Harlem-based Marthalicia Marthalicia

East Harlem-based Scratch

Brooklyn-based Jason Naylor

The legendary Bronx-based John Matos aka Crash One captured at work earlier this month

Luis F Perez and Fausto Manuel Ramos of Lost Breed Culture

Bronx-born, Yonkers-based Michael Cuomo

Keep posted to our Instagram page, as there are many more murals from the Grandscale Mural Project waiting to be captured!

Photo credits:  1, 2, 6 & 7 Lois Stavsky; 3, 4 & 5 Tara Murray

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While exploring the streets of Jersey City in the vicinity of the Grove Street station off the Path train, I found myself riveted by one particular block. Along Coles and First Street, an eclectic range of graffiti pieces and street art murals rotate regularly. I was struck by their authenticity and their inherent spirit of community. I soon found out that the person behind them is Jersey City-native Wyme Santos. A man with a mission, he is the founder and curator of the community-based organization, JC Hundreds Mural Co. While visiting on a Sunday earlier this summer — when artists were busily painting — I had the opportunity to meet Wyme and find out a bit about his ongoing project:

Can you tell us something about the name of your company, JC Hundreds? What is its significance?

It all starts with one mural. And with one wall at a time, we soon have 100 murals that beautify a neighborhood. A culture can then develop that encompasses hundreds of murals.

About how many murals have you facilitated since you began this project?

In the course of two years, I’ve curated about 400 murals throughout Jersey City.

It is this block that captured my attention. How did you get the space to do this?

I reclaimed it. Once a block that had hosted a range of art and a traditional art supply store, it had become largely neglected.

Several of these artists are from Jersey City.

Yes, most are from New Jersey, and many are local, as we try to represent Jersey City’s diversity.

It’s wonderful how this space is so inviting and open. 

Yes, I like providing artists with a place to practice, paint or just hang out. I see art as a therapeutic medium.

That is the ideal! The energy here reminds me somewhat of 5Pointz, the LIC graffiti Mecca that was destroyed to give way to soulless condominiums.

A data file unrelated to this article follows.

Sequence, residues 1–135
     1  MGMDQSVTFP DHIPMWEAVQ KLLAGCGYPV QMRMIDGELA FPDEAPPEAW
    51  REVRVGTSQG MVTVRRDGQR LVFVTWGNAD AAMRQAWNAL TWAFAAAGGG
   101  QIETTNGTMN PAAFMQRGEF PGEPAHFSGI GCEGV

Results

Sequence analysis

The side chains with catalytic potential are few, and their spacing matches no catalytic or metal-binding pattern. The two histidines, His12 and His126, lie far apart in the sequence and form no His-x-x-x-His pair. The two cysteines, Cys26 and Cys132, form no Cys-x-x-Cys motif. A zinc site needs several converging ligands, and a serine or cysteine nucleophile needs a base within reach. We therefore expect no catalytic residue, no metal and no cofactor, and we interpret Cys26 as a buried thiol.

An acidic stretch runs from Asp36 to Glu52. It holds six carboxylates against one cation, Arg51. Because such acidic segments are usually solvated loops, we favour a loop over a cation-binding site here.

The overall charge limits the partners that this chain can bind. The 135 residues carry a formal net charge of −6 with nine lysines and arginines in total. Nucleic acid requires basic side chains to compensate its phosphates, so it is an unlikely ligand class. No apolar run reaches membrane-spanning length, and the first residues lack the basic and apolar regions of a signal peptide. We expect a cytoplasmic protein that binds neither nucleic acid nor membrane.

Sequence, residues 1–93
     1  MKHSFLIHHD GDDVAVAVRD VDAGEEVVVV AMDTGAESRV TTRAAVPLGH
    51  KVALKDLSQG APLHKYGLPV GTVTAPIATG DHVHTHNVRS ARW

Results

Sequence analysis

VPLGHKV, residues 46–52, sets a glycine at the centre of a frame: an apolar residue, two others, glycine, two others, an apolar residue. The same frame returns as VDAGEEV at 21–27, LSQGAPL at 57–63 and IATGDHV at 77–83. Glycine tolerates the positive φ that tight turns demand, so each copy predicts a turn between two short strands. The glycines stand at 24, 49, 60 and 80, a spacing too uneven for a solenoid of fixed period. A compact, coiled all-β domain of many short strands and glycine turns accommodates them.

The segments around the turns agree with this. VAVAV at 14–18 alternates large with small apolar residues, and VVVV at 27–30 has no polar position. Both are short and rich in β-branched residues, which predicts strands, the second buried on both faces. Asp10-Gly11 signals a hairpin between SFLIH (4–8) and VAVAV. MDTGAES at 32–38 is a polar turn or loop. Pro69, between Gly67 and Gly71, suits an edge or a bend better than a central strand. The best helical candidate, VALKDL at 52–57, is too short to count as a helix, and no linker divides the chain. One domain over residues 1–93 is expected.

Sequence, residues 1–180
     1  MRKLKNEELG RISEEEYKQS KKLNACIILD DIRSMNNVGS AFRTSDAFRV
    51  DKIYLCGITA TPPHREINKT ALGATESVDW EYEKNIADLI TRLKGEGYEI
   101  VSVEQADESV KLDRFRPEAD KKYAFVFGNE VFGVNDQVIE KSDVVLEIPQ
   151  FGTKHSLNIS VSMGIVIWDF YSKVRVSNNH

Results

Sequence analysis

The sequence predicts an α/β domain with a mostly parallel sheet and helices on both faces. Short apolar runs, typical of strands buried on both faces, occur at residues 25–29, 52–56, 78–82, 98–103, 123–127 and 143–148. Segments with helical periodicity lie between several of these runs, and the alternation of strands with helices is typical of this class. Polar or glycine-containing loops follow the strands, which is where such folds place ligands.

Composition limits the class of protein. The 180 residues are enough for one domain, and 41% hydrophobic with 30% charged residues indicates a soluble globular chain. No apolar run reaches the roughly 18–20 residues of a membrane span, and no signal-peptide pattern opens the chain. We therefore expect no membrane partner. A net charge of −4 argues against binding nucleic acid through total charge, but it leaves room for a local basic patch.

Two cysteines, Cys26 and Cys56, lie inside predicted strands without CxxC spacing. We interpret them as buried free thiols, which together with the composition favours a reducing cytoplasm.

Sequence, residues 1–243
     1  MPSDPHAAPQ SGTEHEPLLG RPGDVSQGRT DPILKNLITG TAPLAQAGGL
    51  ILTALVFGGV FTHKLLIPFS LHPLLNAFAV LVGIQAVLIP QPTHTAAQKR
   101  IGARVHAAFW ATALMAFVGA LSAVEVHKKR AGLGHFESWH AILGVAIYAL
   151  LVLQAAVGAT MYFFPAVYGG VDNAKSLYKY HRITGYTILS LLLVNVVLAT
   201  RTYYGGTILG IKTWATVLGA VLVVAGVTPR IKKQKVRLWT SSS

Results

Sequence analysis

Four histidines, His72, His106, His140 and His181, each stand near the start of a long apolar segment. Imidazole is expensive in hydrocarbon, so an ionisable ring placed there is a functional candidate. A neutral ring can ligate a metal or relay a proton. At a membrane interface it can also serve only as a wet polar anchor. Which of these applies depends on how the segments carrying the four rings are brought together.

Yes! It’s about having the right energy and embodying the true spirit of graffiti.

What are some of the challenges you face in seeing your mission through?

Obtaining permissions in a variety of  locales throughout Jersey City is one challenge. I want to provide more legal spaces for artists. Art saves lives.

Can you tell us more about what you are doing in addition to curating walls?

I recently started a children’s program for mural art. We teach kids, ages 6-12, the ground rules of graffiti. They learn how they can uphold the culture, engage with the community and use eco-friendly paint. Two of them, V¡V and KüP, aka toodope_grlz, were the only kids who painted in the Jersey City Mural Festival. There are still some openings in our ongoing Summer Spray Paint Camp.

Do any personal graffiti-related memories stand out? I love your style! It’s quite distinct.

I remember meeting Rime, Nace and Sek when I was about 14. I had just caught a tag when I overheard Nace telling Sek, “You gotta write like him. You need to flow like him,” pointing to my tag.

Wow! What’s ahead?

I am working towards acquiring 501(c) status as a nonprofit organization and establishing a year-long program that engages children. And, of course, finding more spaces outdoors and indoors for artists to practice and paint.

Good luck with it all!

Images:

1 Wyme Santos in front of segment of mural by enemthagreat

2 Wyme Santos

3 John Exit

4 Byas

5 Avery

6 Ray Arcadio (L) and Distort (R) memorial walls

7 enemthagreat

8 Mr Mustart

www.jchundredsmuralco.com

10 Ree Vilomar

Interview conducted and edited by Lois Stavsky

Photo credits: 1, 5, 7 & 10 Tara Murray; 2-4, 6 & 8 Lois Stavsky